This was a cross-sectional study of all diagnosed cancer cases in the whole of the country between 2004 and 2008. Data on cancer patients were mainly collected from 49 medical universities, 799 active pathology laboratories, medical records, and death certificates registered in the towns and villages.

Cancer registry data were entered into a software program based on ICD-10 coding system and prepared by the Ministry of Health of Iran. After entering data in the software, all information on demographic characteristics, including age, sex, cause of death, cancer type, and location, were alphabetically sorted, and duplicates were excluded by the registry system. In calculating incidence, people who had a different residence were excluded from the study. Data were evaluated using SPSS version 19 software and Excel programs.

The cancer registry system is the main tool to manage and control cancer. This source of information is needed not only for epidemiologic studies on cancers but also for planning and forecasting of events and investigating appropriate measurement and the impact of interventions. Development, implementation, and durability of any cancer control program are possible with a cancer registry system with defined standards. Iranian Cancer Registry (ICR-version 2) is based on ICD-10, Windows program, and International recognized principles of Cancer Registry (ICR). Records were collected from various sources (pathology, hospital death certificate, etc.). In this program, each patient and each tumor recorded are considered as a follow-up unit. To remove duplicate data, the unique profiles such as national code were used; if any case is found, it specifies marked “*”. Otherwise, the search is done according to other characteristics, including the patient's name, father's name, age, sex, and city location.

Recording and abstracting data are also conducted to assess the validity of information recorded in cancer registry. In other words, a small volume of information is used to assess independently the reproducibility and the validity of the data. To evaluate the data, methods of diagnostic criteria and internal consistency were used.[12]

This study was funded and supported by Abadan University of Medical Sciences (IR.ABADANUMS.REC), Iran. Grant No: 228.

Data were analyzed using SPSS (version 17.0; SPSS, Chicago, IL, USA) Software Package and Microsoft Office Excel 2007. The crude incidence rate of cancers was calculated per 100,000 people by age groups and sex. Age-standardized incidence rates (ASRs) were calculated using direct standardization and the world standard population.[13]


 > Results Top


In this study, from a total of 301,055 cancer cases diagnosed, 132,272 (44%) cases were female and 168,783 (56%) cases were male [Table 1]. Most cases of stomach cancer were adenocarcinoma NOS in both women and men. The prevalence was higher in men (63.04) than women (58.96) [Table 1]. In terms of type of cancer, the most common type of colorectal cancer was adenocarcinoma, which was greater in men (80.2) than women (75.63) [Table 1]. The most common type of esophageal cancer was squamous cell carcinoma in both sexes (76.4 in women and 80.2 in men) [Table 1].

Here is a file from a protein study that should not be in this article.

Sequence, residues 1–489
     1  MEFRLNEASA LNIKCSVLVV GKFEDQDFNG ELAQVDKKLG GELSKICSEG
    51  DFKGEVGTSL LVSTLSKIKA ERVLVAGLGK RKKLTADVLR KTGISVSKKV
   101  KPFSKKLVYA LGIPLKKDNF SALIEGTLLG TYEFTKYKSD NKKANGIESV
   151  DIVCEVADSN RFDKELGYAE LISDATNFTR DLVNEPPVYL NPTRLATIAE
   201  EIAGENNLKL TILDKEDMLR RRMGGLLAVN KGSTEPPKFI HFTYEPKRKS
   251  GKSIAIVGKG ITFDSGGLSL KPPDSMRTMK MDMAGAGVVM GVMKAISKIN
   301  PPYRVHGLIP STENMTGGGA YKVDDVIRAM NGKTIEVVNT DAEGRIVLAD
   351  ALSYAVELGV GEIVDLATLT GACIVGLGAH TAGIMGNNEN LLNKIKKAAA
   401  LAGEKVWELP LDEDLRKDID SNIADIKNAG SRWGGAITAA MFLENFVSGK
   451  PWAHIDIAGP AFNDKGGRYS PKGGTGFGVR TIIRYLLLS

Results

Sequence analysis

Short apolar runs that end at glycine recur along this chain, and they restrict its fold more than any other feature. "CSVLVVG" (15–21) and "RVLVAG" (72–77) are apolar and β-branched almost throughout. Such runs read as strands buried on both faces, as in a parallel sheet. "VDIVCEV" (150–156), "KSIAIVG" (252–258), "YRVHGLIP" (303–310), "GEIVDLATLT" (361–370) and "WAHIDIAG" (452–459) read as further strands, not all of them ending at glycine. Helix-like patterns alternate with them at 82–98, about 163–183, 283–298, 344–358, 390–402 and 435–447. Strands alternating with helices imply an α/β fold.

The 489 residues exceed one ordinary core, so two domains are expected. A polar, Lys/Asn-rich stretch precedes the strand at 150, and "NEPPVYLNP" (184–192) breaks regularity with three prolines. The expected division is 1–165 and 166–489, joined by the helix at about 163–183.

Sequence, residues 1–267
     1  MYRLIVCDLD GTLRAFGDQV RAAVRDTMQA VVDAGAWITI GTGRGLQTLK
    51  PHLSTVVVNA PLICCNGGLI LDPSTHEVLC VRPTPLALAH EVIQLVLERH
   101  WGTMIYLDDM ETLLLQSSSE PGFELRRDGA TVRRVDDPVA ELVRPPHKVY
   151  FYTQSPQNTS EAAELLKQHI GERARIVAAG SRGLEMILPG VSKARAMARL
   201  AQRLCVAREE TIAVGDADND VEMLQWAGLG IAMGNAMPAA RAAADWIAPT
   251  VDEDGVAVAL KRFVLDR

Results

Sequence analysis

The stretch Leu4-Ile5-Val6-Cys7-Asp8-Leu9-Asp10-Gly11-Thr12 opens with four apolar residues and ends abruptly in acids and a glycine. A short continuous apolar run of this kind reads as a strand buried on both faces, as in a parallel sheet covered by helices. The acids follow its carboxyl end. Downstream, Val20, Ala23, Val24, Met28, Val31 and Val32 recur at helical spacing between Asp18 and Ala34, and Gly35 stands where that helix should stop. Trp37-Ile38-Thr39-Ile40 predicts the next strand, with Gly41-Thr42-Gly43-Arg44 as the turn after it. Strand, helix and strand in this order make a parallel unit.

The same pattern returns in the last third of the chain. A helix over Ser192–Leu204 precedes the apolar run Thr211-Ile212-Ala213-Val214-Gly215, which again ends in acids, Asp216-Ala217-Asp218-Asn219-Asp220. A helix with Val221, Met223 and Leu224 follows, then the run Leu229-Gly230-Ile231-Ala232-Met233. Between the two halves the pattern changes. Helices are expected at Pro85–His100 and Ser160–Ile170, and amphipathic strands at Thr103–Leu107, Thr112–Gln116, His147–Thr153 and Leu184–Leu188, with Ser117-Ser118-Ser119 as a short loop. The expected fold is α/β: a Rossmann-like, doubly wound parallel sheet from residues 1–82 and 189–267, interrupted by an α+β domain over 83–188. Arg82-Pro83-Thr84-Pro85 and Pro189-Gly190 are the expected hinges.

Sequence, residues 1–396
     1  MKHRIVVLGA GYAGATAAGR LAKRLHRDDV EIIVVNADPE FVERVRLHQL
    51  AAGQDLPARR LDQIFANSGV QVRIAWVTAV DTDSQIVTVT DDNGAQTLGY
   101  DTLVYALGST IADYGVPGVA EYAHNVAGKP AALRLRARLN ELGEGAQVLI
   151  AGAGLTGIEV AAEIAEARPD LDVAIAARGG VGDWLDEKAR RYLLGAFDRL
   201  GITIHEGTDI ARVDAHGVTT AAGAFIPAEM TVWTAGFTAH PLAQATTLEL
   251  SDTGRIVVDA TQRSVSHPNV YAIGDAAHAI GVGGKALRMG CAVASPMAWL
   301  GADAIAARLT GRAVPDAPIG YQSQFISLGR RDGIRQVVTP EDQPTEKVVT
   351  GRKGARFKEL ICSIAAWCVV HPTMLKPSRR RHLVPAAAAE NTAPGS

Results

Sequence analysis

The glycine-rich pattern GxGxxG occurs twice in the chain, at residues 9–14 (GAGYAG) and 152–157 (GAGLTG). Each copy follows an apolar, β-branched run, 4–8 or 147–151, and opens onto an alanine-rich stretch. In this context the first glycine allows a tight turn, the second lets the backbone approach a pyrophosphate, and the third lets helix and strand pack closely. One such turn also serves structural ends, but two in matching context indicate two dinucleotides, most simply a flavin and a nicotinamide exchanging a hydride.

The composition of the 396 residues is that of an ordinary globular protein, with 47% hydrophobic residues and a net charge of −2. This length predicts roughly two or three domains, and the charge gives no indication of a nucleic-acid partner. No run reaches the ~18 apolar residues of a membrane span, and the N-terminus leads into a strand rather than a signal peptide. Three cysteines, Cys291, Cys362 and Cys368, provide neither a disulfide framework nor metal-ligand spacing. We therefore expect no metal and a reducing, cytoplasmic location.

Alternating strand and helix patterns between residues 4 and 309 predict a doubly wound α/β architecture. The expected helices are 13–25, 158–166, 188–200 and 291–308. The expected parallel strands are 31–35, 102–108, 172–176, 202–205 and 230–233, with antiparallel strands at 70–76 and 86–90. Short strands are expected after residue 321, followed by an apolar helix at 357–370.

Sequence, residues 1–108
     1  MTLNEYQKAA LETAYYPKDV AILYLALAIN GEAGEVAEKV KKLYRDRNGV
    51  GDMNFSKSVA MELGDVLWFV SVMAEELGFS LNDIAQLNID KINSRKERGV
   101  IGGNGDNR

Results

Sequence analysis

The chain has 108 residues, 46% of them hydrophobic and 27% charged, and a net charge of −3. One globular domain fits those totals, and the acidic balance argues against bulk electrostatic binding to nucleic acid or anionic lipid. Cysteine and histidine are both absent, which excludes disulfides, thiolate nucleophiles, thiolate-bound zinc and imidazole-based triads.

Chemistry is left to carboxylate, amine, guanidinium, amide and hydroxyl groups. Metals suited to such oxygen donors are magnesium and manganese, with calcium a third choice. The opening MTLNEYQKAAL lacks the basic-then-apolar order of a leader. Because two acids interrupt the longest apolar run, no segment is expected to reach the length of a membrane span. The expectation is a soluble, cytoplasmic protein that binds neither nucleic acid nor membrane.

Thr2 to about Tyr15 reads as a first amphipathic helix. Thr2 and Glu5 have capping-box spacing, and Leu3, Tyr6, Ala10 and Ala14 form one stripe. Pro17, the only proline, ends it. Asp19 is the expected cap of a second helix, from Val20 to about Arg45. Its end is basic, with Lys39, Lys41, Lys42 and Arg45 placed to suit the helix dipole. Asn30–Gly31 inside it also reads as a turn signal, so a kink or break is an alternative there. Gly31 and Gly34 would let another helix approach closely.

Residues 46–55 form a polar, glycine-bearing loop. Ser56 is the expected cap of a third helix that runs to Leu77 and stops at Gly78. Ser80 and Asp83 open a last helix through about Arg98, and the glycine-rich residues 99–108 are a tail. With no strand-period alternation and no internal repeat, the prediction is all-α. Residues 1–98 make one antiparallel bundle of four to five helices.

Table 1: Morphology of common gastrointestinal cancers in men and female in Iran

Click here to view


Stomach, esophagus, and colorectal cancers have increased from 2004 to 2008 [Figure 1]. Stomach cancer had the highest incidence in males in 2008 with ASR = 19.16. ASRs of colorectal and esophagus cancers were 12.7 and 7.66, respectively. Colon and rectum had the highest incidence in 2008 with ASR = 11.12. ASRs of the stomach and esophageal cancers were 10 and 7.77 in females [Figure 1], [Figure 2], [Figure 3]. In esophageal cancer, ASR during the 4 years showed fluctuations, and its incidence was higher in women.
Figure 1: Age-standardized incidence rate of cancers per 100,000 populations in Iran, 2004–2008

Click here to view
Figure 2: Age-standardized incidence rates of gastrointestinal cancers in Iran in women, 2004–2008

Click here to view
Figure 3: Age-standardized incidence rates of gastrointestinal cancers in Iran in men, 2004–2008

Click here to view


In gastric cancer, during the study period, trends of ASRs showed a steady stabilized pattern. The ASR was higher at the end of the study period (10 in females and 19.16 in males). In colon and rectum cancer, the incidence of rectal cancer increased during the study period. The ASR was 6.75 in 2004 and 12.7 in 2008 in males and 6.63 in 2004 and 11.12 in 2008 in females.

Crude and age-standardized incidence rates per 100,000 for GI cancers in females and males are shown in [Table 2] and [Table 3].
Table 2: Crude and age-standardized incidence rate per 100000 Age-Satndardized incidence rate (ASR) of gastrointestinal cancers in females in Iran, 2004-2008

Click here to view
Table 3: Crude and age-standardized incidence rate per 100,000 Age-Satndardized incidence rate (ASR) of gastrointestinal cancers in men in Iran, 2004-2008

Click here to view


The north and northwestern regions (provinces of Ardabil, Semnan, Golestan, East Azarbaijan, and Tehran) have the highest risk of stomach cancer. In contrast, the risk was moderate in the western and the central provinces. The southern areas, such as Kerman, have least dangerous of stomach cancer. However, the highest ASR has been reported from Ardebil.[14],[15] Most types of cancer reported in Iran were adenocarcinoma, and in terms of histology, diffuse type was the most frequent.[12]

North, northwest, and northeast counties have a higher risk of esophageal cancer than other counties.[16]


 > Discussion Top


Of GI cancer types, stomach cancer is the most common cancer in men and women. Most of the cases are adenocarcinoma NOS in men and women, so that the prevalence is higher in men than women. The occurrence of the disease is different in various parts of the world. More than 70% of stomach cancer cases occur in developing countries. Eastern Asia, Western Europe, and parts of Central and South America are areas with high risks of the disease, with ASR more than 20 per 100,000. In contrast, the incidence in South Asia, North and East Africa, North America, Australia, and New Zealand is low.[7] Stomach cancer is the most common malignant disease in Iran and Oman, and it occurs nearly 7 times more frequently in Iran than in Iraq.[9] It was found that the morphology of stomach cancer was more in men and most cases were seen in those aged over 50 years.[12],[17]